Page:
High frequency of copy number imbalances in Rubinstein-Taybi patients negative to CREBBP mutational analysis

Cristina Gervasini, Federica Mottadelli, Roberto Ciccone, Paola Castronovo, Donatella Milani, Gioacchino Scarano, Maria Francesca Bedeschi, Serena Belli, Alba Pilotta, Angelo Selicorni, Orsetta Zuffardi, Lidia Larizza

Research output: Contribution to journalArticlepeer-review


Rubinstein-Taybi syndrome (RSTS) is a rare autosomal dominant disorder characterised by facial dysmorphisms, growth and psychomotor development delay, and skeletal defects. The known genetic causes are point mutations or deletions of the CREBBP (50-60%) and EP300 (5%) genes. To detect chromosomal rearrangements indicating novel positional candidate RSTS genes, we used a-CGH to study 26 patients fulfilling the diagnostic criteria for RSTS who were negative at fluorescence in situ hybridisation analyses of the CREBBP and EP300 regions, and direct sequencing analyses of the CREBBP gene. We found seven imbalances (27%): four de novo and three inherited rearrangements not reported among the copy number variants. A de novo 7p21.1 deletion of 500 kb included the TWIST1 gene, a suggested candidate for RSTS that is responsible for the Saethre-Chotzen syndrome, an entity that enters in differential diagnosis with RSTS. A similar issue of differential diagnosis was raised by a large 4.3 Mb 2q22.3q23.1 deletion encompassing ZEB2, the gene responsible for the Mowat-Wilson syndrome, whose signs may overlap with RSTS. Positional candidate genes could not be sought in the remaining pathogenetic imbalances, because of the size of the involved region (a 9 Mb 2q24.3q31.1 deletion) and/or the relative paucity of suitable genes (a 5 Mb 3p13p12.3 duplication). One of the inherited rearrangements, the 17q11.2 379Kb duplication, represents the reciprocal event of the deletion underlying an overgrowth syndrome, both being mediated by the NF1-REP-P1 and REP-P2 sub-duplicons. The contribution of this and the other detected CNVs to the clinical RSTS phenotype is difficult to assess.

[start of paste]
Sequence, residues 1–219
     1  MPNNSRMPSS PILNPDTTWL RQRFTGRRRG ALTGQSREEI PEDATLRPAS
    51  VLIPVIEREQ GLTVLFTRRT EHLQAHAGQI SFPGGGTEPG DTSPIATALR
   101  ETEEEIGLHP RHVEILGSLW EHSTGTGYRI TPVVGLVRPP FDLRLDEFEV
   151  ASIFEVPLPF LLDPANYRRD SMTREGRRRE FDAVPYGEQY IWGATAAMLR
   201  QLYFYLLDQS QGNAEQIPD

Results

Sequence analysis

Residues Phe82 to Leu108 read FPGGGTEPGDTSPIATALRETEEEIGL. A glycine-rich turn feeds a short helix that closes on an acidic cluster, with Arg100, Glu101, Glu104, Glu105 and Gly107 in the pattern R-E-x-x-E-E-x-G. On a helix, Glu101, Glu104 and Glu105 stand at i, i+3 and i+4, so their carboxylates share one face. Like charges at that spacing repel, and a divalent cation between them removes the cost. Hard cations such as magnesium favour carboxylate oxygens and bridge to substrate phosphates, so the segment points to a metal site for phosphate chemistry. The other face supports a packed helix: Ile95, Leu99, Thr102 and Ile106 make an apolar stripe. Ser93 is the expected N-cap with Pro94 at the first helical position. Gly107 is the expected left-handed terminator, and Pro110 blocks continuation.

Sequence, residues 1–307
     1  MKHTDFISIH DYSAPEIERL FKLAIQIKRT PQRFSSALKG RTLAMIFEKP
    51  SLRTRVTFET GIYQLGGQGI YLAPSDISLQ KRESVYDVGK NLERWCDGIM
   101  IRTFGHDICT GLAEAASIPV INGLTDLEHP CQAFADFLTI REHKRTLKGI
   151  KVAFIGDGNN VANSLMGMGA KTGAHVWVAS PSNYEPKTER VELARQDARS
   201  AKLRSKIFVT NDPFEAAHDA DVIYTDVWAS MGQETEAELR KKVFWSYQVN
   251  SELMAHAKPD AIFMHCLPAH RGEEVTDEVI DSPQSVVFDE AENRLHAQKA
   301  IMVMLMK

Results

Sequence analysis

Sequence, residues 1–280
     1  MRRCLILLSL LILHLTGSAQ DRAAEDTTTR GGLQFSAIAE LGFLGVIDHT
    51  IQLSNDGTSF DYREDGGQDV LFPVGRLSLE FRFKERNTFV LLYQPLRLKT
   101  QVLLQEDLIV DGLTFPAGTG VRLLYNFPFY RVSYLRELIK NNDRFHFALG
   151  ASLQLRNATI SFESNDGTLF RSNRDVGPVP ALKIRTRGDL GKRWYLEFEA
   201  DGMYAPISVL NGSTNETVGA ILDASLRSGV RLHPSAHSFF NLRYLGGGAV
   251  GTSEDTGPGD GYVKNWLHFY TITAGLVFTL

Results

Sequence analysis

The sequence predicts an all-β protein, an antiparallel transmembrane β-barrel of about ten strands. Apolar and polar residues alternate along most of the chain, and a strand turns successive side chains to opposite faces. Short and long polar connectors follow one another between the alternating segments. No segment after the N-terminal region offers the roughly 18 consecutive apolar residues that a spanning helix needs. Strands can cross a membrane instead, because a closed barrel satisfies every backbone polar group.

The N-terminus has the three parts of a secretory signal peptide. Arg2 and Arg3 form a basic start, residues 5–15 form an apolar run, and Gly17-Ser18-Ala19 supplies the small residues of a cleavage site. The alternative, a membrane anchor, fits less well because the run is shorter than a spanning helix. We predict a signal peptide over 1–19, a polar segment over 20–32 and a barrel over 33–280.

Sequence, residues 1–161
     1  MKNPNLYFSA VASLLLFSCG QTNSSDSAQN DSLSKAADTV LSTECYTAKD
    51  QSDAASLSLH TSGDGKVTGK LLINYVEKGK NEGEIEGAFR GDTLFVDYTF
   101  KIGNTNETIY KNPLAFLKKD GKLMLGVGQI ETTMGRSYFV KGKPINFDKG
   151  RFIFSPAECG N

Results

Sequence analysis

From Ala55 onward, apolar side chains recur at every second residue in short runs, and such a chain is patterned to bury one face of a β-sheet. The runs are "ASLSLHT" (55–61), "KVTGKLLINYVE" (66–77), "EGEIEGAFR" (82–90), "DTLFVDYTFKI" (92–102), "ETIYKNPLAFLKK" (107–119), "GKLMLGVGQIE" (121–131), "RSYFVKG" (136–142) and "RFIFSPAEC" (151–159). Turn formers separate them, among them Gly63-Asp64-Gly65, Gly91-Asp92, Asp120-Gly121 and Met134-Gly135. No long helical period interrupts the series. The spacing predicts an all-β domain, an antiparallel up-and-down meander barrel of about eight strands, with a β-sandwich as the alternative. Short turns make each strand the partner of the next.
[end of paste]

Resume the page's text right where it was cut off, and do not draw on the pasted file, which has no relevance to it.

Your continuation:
Original languageEnglish
Pages (from-to)768-775
Number of pages8
JournalEuropean Journal of Human Genetics
Issue number7
Publication statusPublished - Jul 2010


  • Array-CGH
  • Differential diagnosis
  • Genomic imbalances
  • Genotype-phenotype correlations
  • Rubinstein-Taybi syndrome

ASJC Scopus subject areas

  • Genetics(clinical)
  • Genetics


Dive into the research topics of 'High frequency of copy number imbalances in Rubinstein-Taybi patients negative to CREBBP mutational analysis'. Together they form a unique fingerprint.

Cite this